NEW YORK CITY: From studying for the SATs to visiting colleges to juggling extracurricular activities, high school students are very busy—but not too busy to originate roles in Off-Broadway world premieres.
The participants of Keen Teens, Keen Company’s program for high schoolers, took the stage at Theatre Row May 13-15 for the 2016 Keen Teens Festival of New Work. For the event, the company commissioned plays and musicals from professional playwrights, and the students performed in the shows. When the works are subsequently published, the students’ names will appear in the “original cast” lists. The writers this year were Hannah Bos, Paul Thureen, Max Vernon, Jason Kim, and Nick Gandiello.
“So many high schools do plays that are not suited for teens,” said Keen artistic director Jonathan Silverstein. Chestnuts like Our Town or Death of a Salesman may be great plays, says Silverstein, but “they’re not necessarily plays for them.”
The program was formed in 2007 as a way to bring high school students in New York City into the fold of the company’s mission: to stage stories that focus on identification and evoke an emotional response. Keen Company seeks out professional playwrights to write material specifically for teenagers, in plays that must be 30 minutes long, have a cast size of 10 or more, and have an ensemble structure. The writers are involved in the development process of the production, from the audition room to the stage.
“Part of the mission of the program is for students who are excited about theatre to see the playwright as a real person,” both in the sense that playwriting “is an artistic avenue and a career opportunity, and that the person has a vision that should be respected in the rehearsal process,” explained Mark Armstrong, the director of new work at Keen Company.
Craig Steeley Jr., a junior from the Bronx, enjoyed having the writers on hand. “The writers are at our rehearsals, they watch the process, some of them make edits, and they like to have our input sometimes,” he said.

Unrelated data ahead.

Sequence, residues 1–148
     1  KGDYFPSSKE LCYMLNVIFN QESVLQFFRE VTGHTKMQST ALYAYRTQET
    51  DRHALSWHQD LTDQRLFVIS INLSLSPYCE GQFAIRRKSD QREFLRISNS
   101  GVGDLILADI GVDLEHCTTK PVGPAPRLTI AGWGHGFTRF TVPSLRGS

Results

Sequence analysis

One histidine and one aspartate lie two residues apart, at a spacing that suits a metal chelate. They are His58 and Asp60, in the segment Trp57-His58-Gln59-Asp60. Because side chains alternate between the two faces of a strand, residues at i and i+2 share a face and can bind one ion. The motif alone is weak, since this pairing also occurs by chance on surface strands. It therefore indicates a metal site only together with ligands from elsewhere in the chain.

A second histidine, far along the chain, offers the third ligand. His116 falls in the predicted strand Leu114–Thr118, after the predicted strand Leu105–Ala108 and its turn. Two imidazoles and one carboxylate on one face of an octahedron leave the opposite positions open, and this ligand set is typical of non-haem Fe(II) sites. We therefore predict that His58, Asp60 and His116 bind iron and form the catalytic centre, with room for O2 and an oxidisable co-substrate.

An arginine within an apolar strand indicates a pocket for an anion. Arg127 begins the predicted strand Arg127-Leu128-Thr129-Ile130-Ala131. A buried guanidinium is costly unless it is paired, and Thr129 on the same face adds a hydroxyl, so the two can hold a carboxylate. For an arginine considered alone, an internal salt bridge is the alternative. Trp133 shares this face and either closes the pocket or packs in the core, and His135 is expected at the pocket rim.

Students were required to audition for the 2016 festival and were asked to prepare a monologue and read from sides. Melody Munitz, a sophomore, traveled from Westchester, N.Y., for the audition.
“I came in and I had a phenomenal audition,” she enthused. “Everyone was so excited, and you could tell that this was a group that was really passionate. I was just dying to get the call, and I was ecstatic when I did.”
Another highlight of Keen Teens is that the plays are published, with the students’s names listed, and then licensed so they can be produced around the world, which helps build the canon of work for high school students. Keen Company has a standing contract with Samuel French to publish and license the plays, and to date, more than 200 performances of Keen Teen plays have been produced all over the world.
The students began rehearsing once a week in January for the performances to fit in with their busy schedules, and Keen Company also aims to offer a different experience than what most drama departments provide. Due to censorship guidelines, there are many works that high schools cannot put on, but for Keen Teens, the rules are much looser.